Billionaire investor George Soros increased his SPDR Gold Trust share holding by 0.5 percent in the fourth quarter and John Paulson kept his investment unchanged, filings with the U.S. Securities and Exchange Commission show.
Soros Fund Management LLC held 4,721,808 SPDR Gold Trust shares as of Dec. 31, compared with 4,697,008 shares at the end of the third quarter, according to the filing. Soros’s call options on 705,000 shares in the trust as of Sept. 30 weren’t listed in the latest report. Paulson & Co.’s holding, the largest in the SPDR fund, was 31.5 million shares.
A decade-long surge in gold has attracted investors seeking better returns than equities or bonds, and helped boost holdings in exchange-traded products backed by gold to a record in December. The metal’s climb last year to an all-time high was more than triple the gain in global equities, and bullion beat shares in five of the past six years.
“Investment demand remains the most important driver for the gold market,” said Daniel Brebner, an analyst at Deutsche Bank AG in London. “The entrance or exit of large funds in and out of exchange-traded products can give an idea of the conviction by these investors as to the prospects for gold.”
Investors in 10 gold-backed exchange traded products own metal valued at $89.2 billion according to Bloomberg calculations, even after cutting assets in tons by 4.5 percent since Dec. 20 when holdings peaked. Immediate-delivery gold traded at an all-time high of $1,431.25 an ounce on Dec. 7 and erased 4.1 percent since then to $1,373.15 today.
Soros Fund Management LLC manages about $27 billion. The company’s SPDR Gold Trust holding was worth $655 million as of Dec. 31, the filing showed, representing 8.5 percent of the $7.7 billion total in the SEC filing. The firm’s holdings in the iShares Gold Trust of 5 million shares, also backed by the metal, remained unchanged as of Dec. 31 from the preceding quarter.
Soros described gold at the World Economic Forum’s meeting in Davos, Switzerland, in January last year as “the ultimate asset bubble.” In a Nov. 15 speech in Toronto the 80-year-old said conditions for the metal to keep rising were “pretty ideal” and at this year’s Davos forum he said the boom in commodities may last “a couple of years” longer.
“Most ETP investors are long-term investors and keep holding assets regardless of what the price is doing,” said Carsten Fritsch, a Frankfurt-based analyst at Commerzbank AG. “I would expect them to keep invested on the long-term risk of printing of money by central banks” and on inflation concerns, he said.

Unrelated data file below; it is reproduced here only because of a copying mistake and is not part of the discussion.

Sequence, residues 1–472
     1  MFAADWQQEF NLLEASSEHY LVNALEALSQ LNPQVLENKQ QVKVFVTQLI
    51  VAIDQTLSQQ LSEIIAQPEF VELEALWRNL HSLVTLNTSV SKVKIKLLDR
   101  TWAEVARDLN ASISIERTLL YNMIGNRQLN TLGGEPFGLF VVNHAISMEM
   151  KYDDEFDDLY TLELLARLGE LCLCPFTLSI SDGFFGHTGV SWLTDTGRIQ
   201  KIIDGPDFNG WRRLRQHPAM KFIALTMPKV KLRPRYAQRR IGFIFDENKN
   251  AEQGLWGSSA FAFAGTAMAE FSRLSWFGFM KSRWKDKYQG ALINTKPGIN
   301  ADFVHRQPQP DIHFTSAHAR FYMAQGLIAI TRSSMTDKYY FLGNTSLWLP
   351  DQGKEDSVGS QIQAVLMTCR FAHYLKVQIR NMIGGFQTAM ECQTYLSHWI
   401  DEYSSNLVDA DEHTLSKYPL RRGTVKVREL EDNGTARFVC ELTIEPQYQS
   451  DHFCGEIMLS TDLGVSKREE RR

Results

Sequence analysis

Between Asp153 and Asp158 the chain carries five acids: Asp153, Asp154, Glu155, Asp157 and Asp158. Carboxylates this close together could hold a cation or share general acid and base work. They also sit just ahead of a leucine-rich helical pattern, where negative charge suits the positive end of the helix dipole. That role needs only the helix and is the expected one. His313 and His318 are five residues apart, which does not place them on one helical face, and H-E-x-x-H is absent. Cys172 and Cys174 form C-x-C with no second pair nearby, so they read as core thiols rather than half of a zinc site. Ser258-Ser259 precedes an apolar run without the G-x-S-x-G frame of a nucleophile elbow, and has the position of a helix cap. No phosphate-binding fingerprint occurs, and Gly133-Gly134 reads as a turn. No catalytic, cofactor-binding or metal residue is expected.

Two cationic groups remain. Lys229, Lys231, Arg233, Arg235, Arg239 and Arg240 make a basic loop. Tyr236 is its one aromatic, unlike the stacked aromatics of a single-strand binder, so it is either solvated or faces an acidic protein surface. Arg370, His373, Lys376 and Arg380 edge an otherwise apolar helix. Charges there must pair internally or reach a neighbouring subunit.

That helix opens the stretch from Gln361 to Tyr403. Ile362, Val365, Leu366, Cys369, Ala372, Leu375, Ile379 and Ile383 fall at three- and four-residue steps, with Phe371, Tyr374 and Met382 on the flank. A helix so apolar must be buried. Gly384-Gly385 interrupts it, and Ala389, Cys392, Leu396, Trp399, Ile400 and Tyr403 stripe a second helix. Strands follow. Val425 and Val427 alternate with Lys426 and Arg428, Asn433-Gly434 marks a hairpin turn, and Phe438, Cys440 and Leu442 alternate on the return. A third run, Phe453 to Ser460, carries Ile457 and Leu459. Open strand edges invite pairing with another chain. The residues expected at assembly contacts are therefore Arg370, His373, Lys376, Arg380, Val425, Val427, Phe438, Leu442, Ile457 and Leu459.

Investor demand for precious metals accelerated after the collapse of Lehman Brothers Holdings Inc. in September 2008 and as governments and central banks led by the Federal Reserve pumped more than $2 trillion into the world financial system. That stoked concern that inflation will accelerate. The Fed cut interest rates to near zero in December 2008 and has kept them there since and Greece and Ireland got bailouts.
Soros’s holdings of Platinum Group Metals Ltd., a Vancouver-based miner, jumped to 12.7 million shares worth $34 million as of Dec. 31, from 1.5 million shares as of Sept. 30, filings showed. Platinum Group Metals said Feb. 9 it began developing a mine in northern South Africa with first production scheduled to start in 2013. The mine will produce platinum, palladium, rhodium and gold.
Palladium jumped 42 percent in the fourth quarter and platinum gained 6.8 percent.
Among his investments, Soros increased his stakes in Kinross Gold Corp., based in Toronto, bought shares in Pan American Silver Corp. and cut holdings in Toronto-based Barrick Gold Corp., the world’s biggest gold mining company, the filing shows.
Paulson, 55, who bet against U.S. mortgage markets amid the subprime crisis, is also the biggest owner of Johannesburg-based AngloGold Ashanti Ltd., Africa’s biggest producer, filings and data compiled by Bloomberg show. His stake in the miner was little changed at 40.95 million shares in the fourth quarter, the filing shows. New York-based Paulson’s funds generated profits of more than $3 billion in 2007.
Eric Mindich’s Eton Park Capital Management LP added 5 million put options on the SPDR Gold Trust as of Dec. 31 to bring the total to 8 million, its filings show. The company owned 4.5 million shares in the trust at the end of the year.
A put option gives the holder the right to sell the security at a set price and date. Bullion has declined 3.4 percent this year as signs the global economy is strengthening curbed demand for the metal.
Eton Park also bought a stake in Platinum Group Metals, purchasing 4.8 million shares, the filing shows.
Touradji Capital Management LP, founded by Paul Touradji, held 173,000 shares in the SPDR Gold Trust as of Dec. 31, according to an SEC filing. There was no holding listed in the filing as of Sept. 30. Leslie, also a spokesman for Touradji, declined to comment before the filings were made public.
Money managers who oversee more than $100 million in equities must file a Form 13F with the Securities and Exchange Commission within 45 days of each quarter’s end to show their U.S.-listed stocks, options and convertible bonds. The filings don’t show non-U.S. securities or how much cash the firms hold.
ETPs trade on exchanges, with each share representing metal held in a vault. They accounted for 21 percent of gold investment demand last year, according to GFMS Ltd., a London- based research firm.